Anyone who’s heard of Avenue Q knows it’s satirical, generally filled with impropriety, and bears a lot of resemblance to a certain children’s show. What I didn’t know going into the show was that it would become the first musical I’ve seen that is written about the Millennial experience.
Like any descriptor that covers everyone born in a twenty year period, the story of Avenue Q isn’t the experience of all Millennials. It’s not going to describe everyone’s personal experience, but at the very least, it’s the story of someone you know. That person who grew up with really attentive parents, surrounded by the idea that they’re special and can be anything they want to be, only to get a degree and find out that everyone else is special too, which makes their job search difficult and raises questions about who they really are and what their purpose in life is. This is the journey Avenue Q‘s main character, Princeton, takes us on in the Citadel Theatre’s last show of the season, running until May 24.
Avenue Q is not the kind of musical that’s filled with fluff the way some are. It approaches topics that are serious – racism, accepting one’s sexuality, religion, politics, mental health, happiness at the misfortune of others (or, as they refer to it in the show, schadenfreude) – through both humour and puppets that relax the audience’s typical adherence to social norms. As I’ve written about before, puppets disarm audiences on some level. Maybe it’s their exaggerated features or the fact that they’re not of this world and they’re not pretending to be, or that seeing a puppet on stage requires the audience to accept in an even more overt way that what’s happening is in no way real, to buy into the illusion of theatre more completely. In the case of Avenue Q, the stylings of those particular puppets take some audience members back to their childhood of watching Sesame Street or The Muppets. In Avenue Q, all of those factors surrounding the puppets in the show, add up to allow the audience to relax a little and be more open to thinking about the social criticisms that come up in a song like “Everyone’s A Little Bit Racist”, as opposed to if those words were appearing to come from a human’s perspective, which might put up people’s defenses.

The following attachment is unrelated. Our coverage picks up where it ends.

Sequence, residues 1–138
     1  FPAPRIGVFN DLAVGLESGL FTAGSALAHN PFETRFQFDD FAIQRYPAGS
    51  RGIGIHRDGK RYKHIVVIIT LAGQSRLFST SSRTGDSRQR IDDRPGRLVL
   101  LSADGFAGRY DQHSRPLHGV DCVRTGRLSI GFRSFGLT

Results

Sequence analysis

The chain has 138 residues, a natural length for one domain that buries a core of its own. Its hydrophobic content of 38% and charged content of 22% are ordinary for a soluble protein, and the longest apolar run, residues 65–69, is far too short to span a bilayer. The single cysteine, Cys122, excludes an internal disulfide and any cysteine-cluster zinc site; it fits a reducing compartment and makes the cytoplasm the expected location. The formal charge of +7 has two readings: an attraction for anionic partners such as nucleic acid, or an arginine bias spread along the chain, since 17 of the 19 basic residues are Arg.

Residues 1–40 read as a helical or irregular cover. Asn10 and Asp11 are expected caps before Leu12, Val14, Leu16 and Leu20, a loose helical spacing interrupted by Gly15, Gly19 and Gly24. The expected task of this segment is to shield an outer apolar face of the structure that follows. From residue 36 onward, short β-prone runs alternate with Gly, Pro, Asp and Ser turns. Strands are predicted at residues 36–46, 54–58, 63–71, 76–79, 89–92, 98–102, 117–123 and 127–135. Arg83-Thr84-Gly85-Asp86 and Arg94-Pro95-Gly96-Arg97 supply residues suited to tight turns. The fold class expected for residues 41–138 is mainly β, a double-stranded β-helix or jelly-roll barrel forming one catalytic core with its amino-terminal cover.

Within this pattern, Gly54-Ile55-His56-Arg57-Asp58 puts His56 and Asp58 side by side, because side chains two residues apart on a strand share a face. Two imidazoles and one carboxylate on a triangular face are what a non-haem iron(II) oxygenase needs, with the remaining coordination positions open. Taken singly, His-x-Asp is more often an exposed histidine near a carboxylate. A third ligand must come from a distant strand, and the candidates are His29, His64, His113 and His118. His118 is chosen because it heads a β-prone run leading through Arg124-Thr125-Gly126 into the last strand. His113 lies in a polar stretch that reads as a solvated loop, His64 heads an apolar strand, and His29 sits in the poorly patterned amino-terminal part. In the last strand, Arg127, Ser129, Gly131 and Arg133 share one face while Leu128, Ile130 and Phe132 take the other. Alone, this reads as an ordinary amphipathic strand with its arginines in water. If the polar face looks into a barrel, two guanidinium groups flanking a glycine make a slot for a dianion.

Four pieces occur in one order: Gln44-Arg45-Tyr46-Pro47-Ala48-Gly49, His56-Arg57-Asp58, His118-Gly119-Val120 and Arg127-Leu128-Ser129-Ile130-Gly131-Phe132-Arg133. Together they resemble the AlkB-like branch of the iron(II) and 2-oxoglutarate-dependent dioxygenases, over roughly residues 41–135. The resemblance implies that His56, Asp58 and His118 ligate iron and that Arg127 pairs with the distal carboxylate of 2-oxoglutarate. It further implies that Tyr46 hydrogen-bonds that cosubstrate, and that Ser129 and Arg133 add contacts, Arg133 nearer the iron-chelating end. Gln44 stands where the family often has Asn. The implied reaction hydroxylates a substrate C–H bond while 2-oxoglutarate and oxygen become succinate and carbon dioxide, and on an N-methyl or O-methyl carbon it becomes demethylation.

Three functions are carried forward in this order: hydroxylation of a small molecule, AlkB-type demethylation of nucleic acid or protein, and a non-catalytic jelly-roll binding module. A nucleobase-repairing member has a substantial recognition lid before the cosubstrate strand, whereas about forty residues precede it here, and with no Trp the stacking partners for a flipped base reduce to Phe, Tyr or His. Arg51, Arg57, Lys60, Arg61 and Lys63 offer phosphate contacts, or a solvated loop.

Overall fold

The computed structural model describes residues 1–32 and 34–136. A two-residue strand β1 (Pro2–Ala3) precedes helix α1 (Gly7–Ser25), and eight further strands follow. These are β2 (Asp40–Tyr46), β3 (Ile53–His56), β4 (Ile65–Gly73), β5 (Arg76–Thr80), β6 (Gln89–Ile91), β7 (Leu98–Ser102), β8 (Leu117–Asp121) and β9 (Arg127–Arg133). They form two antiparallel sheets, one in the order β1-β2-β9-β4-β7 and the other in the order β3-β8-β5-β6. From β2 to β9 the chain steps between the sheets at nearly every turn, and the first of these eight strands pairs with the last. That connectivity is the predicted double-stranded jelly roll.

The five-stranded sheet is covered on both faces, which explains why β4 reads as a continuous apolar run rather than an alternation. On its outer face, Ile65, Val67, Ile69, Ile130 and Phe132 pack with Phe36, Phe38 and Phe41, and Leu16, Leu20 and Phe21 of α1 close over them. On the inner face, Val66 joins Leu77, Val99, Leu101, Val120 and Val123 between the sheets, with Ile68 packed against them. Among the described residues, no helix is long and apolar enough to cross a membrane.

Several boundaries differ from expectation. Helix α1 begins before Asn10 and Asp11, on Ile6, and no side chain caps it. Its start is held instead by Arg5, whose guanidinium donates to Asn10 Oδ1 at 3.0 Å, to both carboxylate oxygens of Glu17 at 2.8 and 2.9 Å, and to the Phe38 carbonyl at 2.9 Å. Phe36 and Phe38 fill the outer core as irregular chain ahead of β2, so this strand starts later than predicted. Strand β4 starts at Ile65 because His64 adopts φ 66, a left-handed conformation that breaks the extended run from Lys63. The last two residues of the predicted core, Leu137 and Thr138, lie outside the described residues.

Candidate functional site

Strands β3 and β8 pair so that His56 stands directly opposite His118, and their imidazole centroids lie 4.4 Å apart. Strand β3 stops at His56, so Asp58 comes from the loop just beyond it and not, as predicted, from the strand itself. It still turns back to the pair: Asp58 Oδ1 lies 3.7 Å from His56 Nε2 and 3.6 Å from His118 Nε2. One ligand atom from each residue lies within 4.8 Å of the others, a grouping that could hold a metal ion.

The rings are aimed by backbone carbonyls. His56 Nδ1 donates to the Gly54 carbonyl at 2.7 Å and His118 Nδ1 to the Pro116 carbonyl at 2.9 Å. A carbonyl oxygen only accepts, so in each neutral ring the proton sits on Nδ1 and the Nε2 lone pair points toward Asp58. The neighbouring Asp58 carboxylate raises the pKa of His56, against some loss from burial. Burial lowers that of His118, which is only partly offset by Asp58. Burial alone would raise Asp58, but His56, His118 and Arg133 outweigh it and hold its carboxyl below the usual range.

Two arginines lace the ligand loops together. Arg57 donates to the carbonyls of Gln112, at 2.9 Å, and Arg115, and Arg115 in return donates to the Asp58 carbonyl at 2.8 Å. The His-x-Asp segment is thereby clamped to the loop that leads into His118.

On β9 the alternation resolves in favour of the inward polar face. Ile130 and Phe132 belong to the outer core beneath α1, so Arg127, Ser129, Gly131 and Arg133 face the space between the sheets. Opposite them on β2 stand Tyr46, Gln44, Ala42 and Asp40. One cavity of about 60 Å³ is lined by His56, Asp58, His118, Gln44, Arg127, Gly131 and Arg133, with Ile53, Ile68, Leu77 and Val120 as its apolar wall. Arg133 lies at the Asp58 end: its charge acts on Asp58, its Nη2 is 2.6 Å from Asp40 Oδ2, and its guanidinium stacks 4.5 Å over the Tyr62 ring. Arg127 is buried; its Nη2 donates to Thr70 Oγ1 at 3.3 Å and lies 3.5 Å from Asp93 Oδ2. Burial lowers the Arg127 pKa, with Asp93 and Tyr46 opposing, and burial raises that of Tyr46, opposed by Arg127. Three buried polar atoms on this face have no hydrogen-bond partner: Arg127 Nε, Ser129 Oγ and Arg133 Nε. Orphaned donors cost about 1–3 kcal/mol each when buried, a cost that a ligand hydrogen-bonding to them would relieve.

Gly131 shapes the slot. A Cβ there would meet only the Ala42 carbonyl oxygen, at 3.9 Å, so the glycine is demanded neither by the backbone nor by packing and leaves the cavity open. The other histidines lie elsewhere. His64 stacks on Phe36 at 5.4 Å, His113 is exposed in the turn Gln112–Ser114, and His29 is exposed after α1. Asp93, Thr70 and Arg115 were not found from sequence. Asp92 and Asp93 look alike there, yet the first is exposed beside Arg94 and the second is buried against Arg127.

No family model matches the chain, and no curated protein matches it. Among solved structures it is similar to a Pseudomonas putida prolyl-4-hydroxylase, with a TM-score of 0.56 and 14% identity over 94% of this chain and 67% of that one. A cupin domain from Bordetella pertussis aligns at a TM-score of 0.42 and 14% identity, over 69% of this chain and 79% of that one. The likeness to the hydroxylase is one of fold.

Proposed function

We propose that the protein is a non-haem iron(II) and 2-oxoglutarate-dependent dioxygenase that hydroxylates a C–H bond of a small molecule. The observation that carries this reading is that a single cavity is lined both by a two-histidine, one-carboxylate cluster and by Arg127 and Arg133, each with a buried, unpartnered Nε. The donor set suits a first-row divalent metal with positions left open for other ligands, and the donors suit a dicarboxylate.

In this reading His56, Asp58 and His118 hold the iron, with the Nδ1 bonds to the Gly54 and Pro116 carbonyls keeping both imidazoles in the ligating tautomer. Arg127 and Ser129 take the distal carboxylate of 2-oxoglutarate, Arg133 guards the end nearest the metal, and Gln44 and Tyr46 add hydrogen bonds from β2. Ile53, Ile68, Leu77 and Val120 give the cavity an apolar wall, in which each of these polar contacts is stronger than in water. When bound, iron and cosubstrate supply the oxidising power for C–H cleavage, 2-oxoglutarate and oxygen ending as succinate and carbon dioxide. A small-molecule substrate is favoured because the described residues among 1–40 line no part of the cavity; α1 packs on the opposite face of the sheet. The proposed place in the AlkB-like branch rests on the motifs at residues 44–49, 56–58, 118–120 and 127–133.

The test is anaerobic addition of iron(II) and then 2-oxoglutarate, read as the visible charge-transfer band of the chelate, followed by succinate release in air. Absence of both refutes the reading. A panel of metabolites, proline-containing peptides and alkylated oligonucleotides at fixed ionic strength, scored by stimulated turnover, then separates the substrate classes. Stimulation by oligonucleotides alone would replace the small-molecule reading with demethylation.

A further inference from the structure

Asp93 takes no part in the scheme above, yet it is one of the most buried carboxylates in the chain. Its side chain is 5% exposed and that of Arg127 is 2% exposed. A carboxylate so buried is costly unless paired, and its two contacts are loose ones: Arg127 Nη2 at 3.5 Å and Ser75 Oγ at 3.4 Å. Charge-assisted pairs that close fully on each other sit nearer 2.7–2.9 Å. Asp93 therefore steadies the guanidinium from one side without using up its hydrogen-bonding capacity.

The puppeteering was excellent in Avenue Q. The actors bringing the puppets to life – Rachel Bowron, Ryan Kelly, Andrew MacDonald-Smith, and Elizabeth Stepkowski-Tarhan – were all double or triple-cast in their roles, showing off their flexibility in switching seamlessly between very different characters, or even playing two different characters at the same time. While maintaining the focus on the puppet at all times, the actors used their body from the torso down as an extension of the puppet, which eased the mental tension between the audience placing priority on paying attention to the human on stage (as seems to be a natural tendency) but knowing that we should be focused on the puppet itself. In particular, I really liked Rachel Bowron’s portrayal of both Kate (the girl next door character) and Lucy (the temptress). As Kate, her posture was very prim and proper – straight back, legs shoulder-width apart – while as Lucy, Rachel’s legs moved together and her torso shifted to one side, forming her body into an S shape that visually embodied Lucy’s low, seductive voice and sexual innuendos. The human actors – Justin Bott (a struggling, but hopeful, comedian), Kimmy Choi (a therapist with two master’s degrees but no patients), and Saccha Dennis (as grown-up and broke child star Gary Coleman) – added a lot of energy to the show and whose humanity brings the social criticisms lobbed by the puppets back into the real world.